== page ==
[Neo] How to efficiently query in Neo4J?

Max De Marzi Jr. maxdemarzi at gmail.com
Thu Apr 8 23:48:18 CEST 2010


You know this is something that I think needs to be made clear... using just
the graph is not the right way to go unless you have a very special
application.

I was trying to traverse over cities/people/jobs/skills and they were taking
a while (as in 10-15 seconds).
Then I did it sqlserver... less than 1 second.  I tried running ALL users
through it.. 2 minutes vs god knows how long for doing a traversal for each
user (400k users).

Some things are better not done in the graph.  So I decided to keep that in
tables, and just move the "person relationships" to the graph (works with,
manages, knows, friends, etc).

I treat the graph like a specialized index.
Makes a lot more sense now, and I get the best of both worlds.



On Thu, Apr 8, 2010 at 4:35 PM, Michael Ludwig <milu71 at gmx.de> wrote:

> Alastair James schrieb am 07.04.2010 um 15:53:50 (+0100)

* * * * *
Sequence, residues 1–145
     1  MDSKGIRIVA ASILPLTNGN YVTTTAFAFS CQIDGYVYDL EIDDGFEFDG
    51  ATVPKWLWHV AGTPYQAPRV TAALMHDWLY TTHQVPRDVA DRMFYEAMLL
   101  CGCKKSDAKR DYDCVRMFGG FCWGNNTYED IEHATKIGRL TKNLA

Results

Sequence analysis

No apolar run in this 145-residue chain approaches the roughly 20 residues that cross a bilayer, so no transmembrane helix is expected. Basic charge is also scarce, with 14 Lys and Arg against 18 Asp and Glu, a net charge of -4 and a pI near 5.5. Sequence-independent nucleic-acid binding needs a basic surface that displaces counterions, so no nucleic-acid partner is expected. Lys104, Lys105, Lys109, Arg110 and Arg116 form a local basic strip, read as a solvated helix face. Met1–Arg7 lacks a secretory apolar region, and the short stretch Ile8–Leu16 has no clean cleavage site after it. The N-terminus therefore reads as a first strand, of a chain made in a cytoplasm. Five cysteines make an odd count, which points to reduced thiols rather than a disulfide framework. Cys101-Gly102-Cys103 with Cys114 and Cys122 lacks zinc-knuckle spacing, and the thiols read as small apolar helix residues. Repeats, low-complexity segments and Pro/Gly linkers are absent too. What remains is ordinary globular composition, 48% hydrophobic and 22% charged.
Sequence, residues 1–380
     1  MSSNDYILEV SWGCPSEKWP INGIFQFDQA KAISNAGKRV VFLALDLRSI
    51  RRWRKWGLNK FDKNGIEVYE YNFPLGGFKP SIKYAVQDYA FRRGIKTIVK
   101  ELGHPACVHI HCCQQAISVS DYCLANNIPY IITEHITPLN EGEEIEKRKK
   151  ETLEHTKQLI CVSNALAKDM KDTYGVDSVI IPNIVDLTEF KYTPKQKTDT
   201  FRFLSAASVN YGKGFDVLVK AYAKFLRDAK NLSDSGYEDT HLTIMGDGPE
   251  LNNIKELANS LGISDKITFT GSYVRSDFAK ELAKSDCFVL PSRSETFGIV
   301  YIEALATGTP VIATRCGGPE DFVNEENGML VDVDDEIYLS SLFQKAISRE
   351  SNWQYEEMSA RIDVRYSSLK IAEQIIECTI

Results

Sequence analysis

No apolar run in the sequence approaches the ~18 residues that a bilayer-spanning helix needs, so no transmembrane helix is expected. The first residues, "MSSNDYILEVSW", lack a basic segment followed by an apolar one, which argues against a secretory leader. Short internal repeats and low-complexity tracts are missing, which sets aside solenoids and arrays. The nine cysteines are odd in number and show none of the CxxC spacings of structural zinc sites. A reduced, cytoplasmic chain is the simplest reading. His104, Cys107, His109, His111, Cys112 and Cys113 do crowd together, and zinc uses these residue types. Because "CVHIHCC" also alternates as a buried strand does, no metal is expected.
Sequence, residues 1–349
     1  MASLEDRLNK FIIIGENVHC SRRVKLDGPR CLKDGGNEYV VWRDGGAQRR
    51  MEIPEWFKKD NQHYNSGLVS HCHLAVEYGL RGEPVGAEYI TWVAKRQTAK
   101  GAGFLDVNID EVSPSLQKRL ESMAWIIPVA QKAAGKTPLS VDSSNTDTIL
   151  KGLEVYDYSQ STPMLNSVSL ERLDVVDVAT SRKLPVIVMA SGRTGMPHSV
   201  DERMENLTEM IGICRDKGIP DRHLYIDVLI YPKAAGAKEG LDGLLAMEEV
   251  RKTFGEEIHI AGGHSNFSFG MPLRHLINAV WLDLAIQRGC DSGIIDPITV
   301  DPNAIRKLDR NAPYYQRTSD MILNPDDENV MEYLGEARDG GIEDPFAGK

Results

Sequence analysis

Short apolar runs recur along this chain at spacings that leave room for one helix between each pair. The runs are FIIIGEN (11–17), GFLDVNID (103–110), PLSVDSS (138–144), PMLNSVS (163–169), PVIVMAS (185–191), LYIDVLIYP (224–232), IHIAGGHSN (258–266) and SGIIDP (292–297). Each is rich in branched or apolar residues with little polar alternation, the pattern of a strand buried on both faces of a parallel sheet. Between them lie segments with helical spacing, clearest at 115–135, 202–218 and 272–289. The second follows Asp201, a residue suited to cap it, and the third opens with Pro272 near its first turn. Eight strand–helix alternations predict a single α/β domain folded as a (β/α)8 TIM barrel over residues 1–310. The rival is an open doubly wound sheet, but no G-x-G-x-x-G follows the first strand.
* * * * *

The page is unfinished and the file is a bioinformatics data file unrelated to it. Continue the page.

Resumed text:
> [[Neo] How to efficiently query in Neo4J?]:
>
> > Briefly, the site consists of posts, each tagged with various
> > attributes, e.g. (its a travel site) location, theme, cost etc... Also
> > the tags are hierarchical. So, for location we have (say) 'tuscany'
> > inside 'italy' inside 'europe'. For theme we have (say) 'cycling'
> > inside 'activity'.
>
> After giving this some thought, it looks to me as if there is nothing
> particularly graphy in your example. I know, most everything is a graph,
> but here the data is more regular: Your hierarchical catalog of tags
> immediately made me think of Joe Celko's nested sets, which is a very
> efficient way to represent trees in terms of sets, as found in SQL
> databases. (Heresy again, I know, but well.) And the relationship of
> posts to tags is simply N-M, and that's it.
>
> There aren't any real links (edges) between posts, which arguably would
> make your data model more graphy. In your model, related posts are
> related by virtue of their attributes (they share some tags, or are
> posted by the same user), and not eis ipsis. So I'd say there is not
> much in the way of graphiness.
>
> --
> Michael Ludwig
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